14. Wait a second... So wait Stephanie Brewer wants to decrease the security level in Mexico by removing the military from the equation? And then what? The cartels will stop committing crimes because the military isn't trying to stop them anymore? Bwahahaha this kind of empty headed garbage is going to flush the entire country down the drain. AMLO got voted into office because he said the war on drugs was over. That he had a plan to bring peace back to the country. Sounds good, right? Sounds great actually! But the reality is a little different and here's part of the reason why. When two adversaries are at war one side can't just decide the war is over and stop fighting! Not without the other side agreeing with that first. If you're in a street fight and in the middle of it you decide the fight is over, drop your hands and stop fighting do you know what will happen? Your opponent will kick 7 shades of shit out of you is what will happen. Same principle as AMLO and the cartels. He decided the war was over and dropped his hands. So the cartels did what anyone would do in that situation and commenced with beating his silly ass. I know, it's shocking! Who ever would have thought? So what have we seen over the course of AMLO's term so far? Record increases in crime and now the country resembles an actual war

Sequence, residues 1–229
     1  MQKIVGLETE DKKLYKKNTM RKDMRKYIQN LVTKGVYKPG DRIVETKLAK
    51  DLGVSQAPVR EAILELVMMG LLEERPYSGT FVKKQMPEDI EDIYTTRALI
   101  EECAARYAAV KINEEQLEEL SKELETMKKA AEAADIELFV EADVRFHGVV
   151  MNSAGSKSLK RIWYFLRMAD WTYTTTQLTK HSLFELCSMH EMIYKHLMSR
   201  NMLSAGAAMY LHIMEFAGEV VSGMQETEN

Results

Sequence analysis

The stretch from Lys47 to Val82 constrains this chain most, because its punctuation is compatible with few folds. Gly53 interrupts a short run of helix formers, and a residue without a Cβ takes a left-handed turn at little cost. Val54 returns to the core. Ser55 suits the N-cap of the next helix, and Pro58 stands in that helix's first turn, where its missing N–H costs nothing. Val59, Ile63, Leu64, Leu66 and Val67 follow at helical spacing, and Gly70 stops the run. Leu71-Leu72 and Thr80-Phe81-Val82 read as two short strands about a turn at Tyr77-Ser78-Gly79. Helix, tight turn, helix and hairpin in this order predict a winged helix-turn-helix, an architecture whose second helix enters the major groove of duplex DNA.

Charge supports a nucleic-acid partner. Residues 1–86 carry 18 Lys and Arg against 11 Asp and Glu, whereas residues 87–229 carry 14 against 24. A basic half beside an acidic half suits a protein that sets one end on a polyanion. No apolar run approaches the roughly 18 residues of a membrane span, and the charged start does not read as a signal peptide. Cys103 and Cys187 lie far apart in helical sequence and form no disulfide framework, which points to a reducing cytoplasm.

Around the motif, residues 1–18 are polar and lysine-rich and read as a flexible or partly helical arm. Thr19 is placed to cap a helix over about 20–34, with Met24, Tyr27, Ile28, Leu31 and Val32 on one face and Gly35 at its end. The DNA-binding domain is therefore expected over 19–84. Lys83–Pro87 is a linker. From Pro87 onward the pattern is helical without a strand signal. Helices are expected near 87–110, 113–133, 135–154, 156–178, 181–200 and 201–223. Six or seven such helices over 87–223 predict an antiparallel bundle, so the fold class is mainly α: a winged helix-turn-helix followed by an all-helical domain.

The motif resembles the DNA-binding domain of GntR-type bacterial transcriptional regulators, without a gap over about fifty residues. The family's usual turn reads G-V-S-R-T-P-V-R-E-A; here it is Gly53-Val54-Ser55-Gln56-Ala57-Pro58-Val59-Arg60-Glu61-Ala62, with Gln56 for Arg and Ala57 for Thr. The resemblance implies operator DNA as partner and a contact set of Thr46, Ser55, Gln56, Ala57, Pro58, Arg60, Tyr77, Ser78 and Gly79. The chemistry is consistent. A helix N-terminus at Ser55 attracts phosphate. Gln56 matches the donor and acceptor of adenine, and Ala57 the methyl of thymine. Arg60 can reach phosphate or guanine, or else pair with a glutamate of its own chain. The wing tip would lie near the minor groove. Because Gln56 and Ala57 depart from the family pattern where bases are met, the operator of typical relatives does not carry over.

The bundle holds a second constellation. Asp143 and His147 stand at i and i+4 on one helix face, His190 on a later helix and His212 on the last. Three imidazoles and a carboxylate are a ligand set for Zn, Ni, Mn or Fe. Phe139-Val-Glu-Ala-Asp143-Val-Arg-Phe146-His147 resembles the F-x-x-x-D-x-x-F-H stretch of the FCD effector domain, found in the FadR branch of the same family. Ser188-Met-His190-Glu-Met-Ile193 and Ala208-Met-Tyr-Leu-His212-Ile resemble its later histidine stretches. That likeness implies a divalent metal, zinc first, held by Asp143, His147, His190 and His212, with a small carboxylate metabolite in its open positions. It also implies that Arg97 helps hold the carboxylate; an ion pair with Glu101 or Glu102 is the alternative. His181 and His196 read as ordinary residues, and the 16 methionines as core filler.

So what is the solution here? According to the author we should eliminate the militaries involvement in what has become an actual war because the best way to win a war is to un-involve your military. Right? I mean how many wars have militaries ever won anyway? Mentally gifted people called "progressives" know that wars are really won by replacing the mitary and police with social justice warriors who will take to the streets armed with nothing but government programs and psychology degrees from Berkeley. And they will counsel the cartel members (this actually means they will scream leftist slogans right in their faces and not let them talk) until the sicarios just give up and accept the welfare money and foodstamps. Because these sicarios know what happens when progressives get really mad! They burn down all the fast food restaurants and loot the Walmarts and who wants to deal with that? But I have a question that has never been answered for me. When is enough enough? Now that AMLO'S in charge when will things get better? I have heard many times that "AMLO can't fix things overnight" that "it's going to take time to see the results" but how long exactly? It's been three years and things have only gotten worse. Where do you draw the line and say "this sounded like a good idea but it just isn't working? 15 years from now if things have gotten progressively worse every year is that enough time? How long does the country have to spin down into the pits of hell before they'll admit the plan isn't working? Can someone please give me a time frame? Or just tell me how bad things need to get before we can agree the plan isn't working? 1000% yearly crime increase? More? Maybe 1 in 4 people raped or killed? I just want to hear from a leftist if there is ever actually a point they will admit they were wrong about something.

  15. Neither AMLO nor Stephanie seem to be able to recognize an insurrection by "combinations too powerful to be suppressed by the ordinary course of judicial proceedings."


Comments are moderated, refer to policy for more information.
Envía fotos, vídeos, notas, enlaces o información
Todo 100% Anónimo;